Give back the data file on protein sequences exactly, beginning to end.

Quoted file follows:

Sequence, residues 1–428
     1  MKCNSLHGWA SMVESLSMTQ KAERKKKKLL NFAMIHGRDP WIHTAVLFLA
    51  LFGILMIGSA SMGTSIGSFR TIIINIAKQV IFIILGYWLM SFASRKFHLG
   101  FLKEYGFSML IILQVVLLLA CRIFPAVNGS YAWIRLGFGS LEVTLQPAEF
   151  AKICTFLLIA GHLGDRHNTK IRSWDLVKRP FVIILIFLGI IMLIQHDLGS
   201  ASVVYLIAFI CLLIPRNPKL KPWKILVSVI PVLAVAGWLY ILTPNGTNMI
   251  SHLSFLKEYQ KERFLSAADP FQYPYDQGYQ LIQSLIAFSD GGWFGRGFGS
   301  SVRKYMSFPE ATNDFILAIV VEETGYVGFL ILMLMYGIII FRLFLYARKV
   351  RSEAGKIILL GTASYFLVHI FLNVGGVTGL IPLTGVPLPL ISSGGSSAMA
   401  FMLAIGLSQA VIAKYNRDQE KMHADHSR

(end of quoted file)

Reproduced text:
Sequence, residues 1–428
     1  MKCNSLHGWA SMVESLSMTQ KAERKKKKLL NFAMIHGRDP WIHTAVLFLA
    51  LFGILMIGSA SMGTSIGSFR TIIINIAKQV IFIILGYWLM SFASRKFHLG
   101  FLKEYGFSML IILQVVLLLA CRIFPAVNGS YAWIRLGFGS LEVTLQPAEF
   151  AKICTFLLIA GHLGDRHNTK IRSWDLVKRP FVIILIFLGI IMLIQHDLGS
   201  ASVVYLIAFI CLLIPRNPKL KPWKILVSVI PVLAVAGWLY ILTPNGTNMI
   251  SHLSFLKEYQ KERFLSAADP FQYPYDQGYQ LIQSLIAFSD GGWFGRGFGS
   301  SVRKYMSFPE ATNDFILAIV VEETGYVGFL ILMLMYGIII FRLFLYARKV
   351  RSEAGKIILL GTASYFLVHI FLNVGGVTGL IPLTGVPLPL ISSGGSSAMA
   401  FMLAIGLSQA VIAKYNRDQE KMHADHSR